What's the difference between presidentship and presidency? Please give examples to show the difference.

  • 1
    Though considered synonymous with presidency, presidentship comes in very handy where you need to refer to that state while distinguishing from the office. "... he was ejected from the presidentship of Queens' College, and lost all his other preferments." Edward Martin (Queens') en.wikipedia.org/wiki/Edward_Martin_%28Queens%27%29
    – Kris
    Dec 17, 2012 at 6:11
  • @StoneyB Yes, when there's no possibility of ambiguity (between a state and an office), either word might work. I started my comment with 'Though considered synonymous..."
    – Kris
    Dec 17, 2012 at 9:08

2 Answers 2


Four dictionaries I consulted gave presidentship as a synonym of and definition for presidency. Both appear to mean the office, tenure or term of a president.

Presidentship is a regular formation for a noun with this meaning, adding -ship to the title of office.

However, I have never encountered the word presidentship; and upon Googling the word and tracking hits through ten pages I found it used only in a) dictionaries, b) a few personal posts by persons who are evidently not native speakers and c) a fairly large number of pages about Indian politics.

I conclude from this that there is no difference in meaning between presidentship and presidency, but presidentship is the preferred term in Indian English, presidency in other English speech communities.

@Kris suggests that “presidentship comes in very handy where you need to refer to that state while distinguishing from the office,” and cites Wikipedia s.v. Edward Martin(Queens’ ). That distinction would indeed come in handy; but the passage in question does not draw it. The facts to which it alludes are that Martin was arrested and removed from the state of exercising his office on August 30, 1642, but was not removed from the office — as Wikipedia puts it, “ejected from the presidentship of Queens’ College” — until March 13, 1644. (Grey, The Queens’ College (1899), pp. 163, 171).

Presidency and presidentship have historically been in free variation. Indeed, Mullinger, University of Cambridge from the Earliest Times ... (1873) uses both on the same page (446), with no evident distinction: “[Fisher's] election to the presidency of Queens’ College”, “when [Fisher] resigned the presidency”, and, in a footnote, “[Wilkinson] succeeded Andrew Doket in the presidentship in 1484”. So also Thomas Thomson, History of the Royal Society (1812) page 12: “the presidency of Martin Folkes, Esq.”, “the presidentship of the Earl of Morton”, “the presidentship of Sir John Pringle”. Modern writers appear to have achieved greater consistency by restricting themselves to one term or the other.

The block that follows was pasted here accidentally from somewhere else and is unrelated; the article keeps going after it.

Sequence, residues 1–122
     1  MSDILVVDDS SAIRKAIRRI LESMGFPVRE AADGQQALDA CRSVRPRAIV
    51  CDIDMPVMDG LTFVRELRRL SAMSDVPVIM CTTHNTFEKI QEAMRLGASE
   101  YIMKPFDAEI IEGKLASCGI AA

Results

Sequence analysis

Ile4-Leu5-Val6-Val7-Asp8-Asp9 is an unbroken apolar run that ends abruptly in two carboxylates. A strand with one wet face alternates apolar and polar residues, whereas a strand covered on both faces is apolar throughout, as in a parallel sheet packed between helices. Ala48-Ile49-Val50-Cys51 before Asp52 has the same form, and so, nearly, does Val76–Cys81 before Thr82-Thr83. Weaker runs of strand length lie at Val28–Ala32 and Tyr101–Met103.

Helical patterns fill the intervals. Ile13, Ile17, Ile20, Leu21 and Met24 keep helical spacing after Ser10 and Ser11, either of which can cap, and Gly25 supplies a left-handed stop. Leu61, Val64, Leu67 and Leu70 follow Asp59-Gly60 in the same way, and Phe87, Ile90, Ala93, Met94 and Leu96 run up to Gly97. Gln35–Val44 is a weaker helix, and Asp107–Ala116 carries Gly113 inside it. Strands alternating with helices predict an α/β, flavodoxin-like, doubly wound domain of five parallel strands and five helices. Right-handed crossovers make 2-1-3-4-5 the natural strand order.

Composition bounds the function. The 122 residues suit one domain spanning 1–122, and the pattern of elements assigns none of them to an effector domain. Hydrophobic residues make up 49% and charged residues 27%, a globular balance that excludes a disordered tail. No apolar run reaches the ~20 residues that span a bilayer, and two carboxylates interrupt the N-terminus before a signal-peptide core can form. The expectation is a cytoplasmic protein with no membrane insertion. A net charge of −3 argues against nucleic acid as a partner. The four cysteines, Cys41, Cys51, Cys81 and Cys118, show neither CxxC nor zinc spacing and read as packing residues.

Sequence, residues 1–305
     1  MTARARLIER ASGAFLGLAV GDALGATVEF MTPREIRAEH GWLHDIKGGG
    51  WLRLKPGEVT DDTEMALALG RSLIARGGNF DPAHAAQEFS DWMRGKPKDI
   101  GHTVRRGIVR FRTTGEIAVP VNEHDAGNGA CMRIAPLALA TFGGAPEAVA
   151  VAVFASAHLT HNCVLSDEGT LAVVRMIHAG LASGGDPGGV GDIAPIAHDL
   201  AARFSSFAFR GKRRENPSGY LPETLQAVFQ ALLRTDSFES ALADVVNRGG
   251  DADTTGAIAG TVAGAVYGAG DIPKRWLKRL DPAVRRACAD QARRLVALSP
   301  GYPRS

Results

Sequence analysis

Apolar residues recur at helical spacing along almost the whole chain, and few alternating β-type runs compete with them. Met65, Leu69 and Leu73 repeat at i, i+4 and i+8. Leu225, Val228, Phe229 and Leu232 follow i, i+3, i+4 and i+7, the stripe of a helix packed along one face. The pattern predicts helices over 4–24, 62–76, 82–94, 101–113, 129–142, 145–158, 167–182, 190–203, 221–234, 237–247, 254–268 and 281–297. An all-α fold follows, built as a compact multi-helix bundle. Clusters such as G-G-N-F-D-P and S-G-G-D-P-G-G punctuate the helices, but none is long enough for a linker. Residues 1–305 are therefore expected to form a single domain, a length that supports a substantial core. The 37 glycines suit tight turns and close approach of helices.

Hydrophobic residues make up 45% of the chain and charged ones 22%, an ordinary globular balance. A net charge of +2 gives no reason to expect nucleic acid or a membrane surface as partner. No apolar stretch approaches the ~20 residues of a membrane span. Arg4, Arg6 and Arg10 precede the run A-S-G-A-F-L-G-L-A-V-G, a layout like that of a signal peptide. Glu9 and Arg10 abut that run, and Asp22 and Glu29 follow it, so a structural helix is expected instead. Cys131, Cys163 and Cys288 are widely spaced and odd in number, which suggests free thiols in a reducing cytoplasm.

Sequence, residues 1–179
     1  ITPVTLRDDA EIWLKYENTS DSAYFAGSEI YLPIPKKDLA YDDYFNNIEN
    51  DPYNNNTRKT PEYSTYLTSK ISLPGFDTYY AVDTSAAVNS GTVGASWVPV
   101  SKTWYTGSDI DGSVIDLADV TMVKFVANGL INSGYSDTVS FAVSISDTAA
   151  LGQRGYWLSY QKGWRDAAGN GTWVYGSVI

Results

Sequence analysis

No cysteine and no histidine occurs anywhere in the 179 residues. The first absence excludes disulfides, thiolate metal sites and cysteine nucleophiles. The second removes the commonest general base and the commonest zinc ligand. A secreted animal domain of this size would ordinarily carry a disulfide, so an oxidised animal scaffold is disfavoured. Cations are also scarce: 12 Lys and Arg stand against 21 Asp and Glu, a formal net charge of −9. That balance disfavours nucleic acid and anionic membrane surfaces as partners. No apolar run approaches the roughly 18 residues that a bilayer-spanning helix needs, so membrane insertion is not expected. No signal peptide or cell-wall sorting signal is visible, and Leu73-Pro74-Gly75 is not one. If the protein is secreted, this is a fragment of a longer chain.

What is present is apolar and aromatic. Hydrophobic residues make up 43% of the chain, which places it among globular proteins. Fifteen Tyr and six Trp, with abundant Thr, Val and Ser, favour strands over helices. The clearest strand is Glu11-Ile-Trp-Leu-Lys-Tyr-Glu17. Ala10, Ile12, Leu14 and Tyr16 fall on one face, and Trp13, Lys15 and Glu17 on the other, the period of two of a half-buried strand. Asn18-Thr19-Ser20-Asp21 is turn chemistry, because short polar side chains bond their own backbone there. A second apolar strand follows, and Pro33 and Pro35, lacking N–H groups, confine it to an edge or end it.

• I have never heard of a presidentship in my life. I might even be tempted to take it as a typo for the president’s ship, or in the cases of a painful fall or of a particular cool commander-in-chief, the president’s hip. :)
    – tchrist
    Dec 17, 2012 at 4:25
  • -1 "I conclude": They have their uses, sometimes at least.
    – Kris
    Dec 17, 2012 at 6:11

Presidentship has a long history, with an earliest citation in the Oxford English Dictionary dated about 1525, and the most recent one dated 1986. That, however, is from the ‘Times of India’, and the only other twentieth century citation is from a letter by Nehru. The definition given is ‘The office or function of a president, presidency; the fact of being a president; (also) the period during which a president holds office’, which is almost exactly the same as the definition give for presidency.

Corpus evidence does not support its current use in either British or American English. There are 1098 records for presidency in the British National Corpus and 9959 in the Corpus of Contemporary American English. There is none in either for presidentship.

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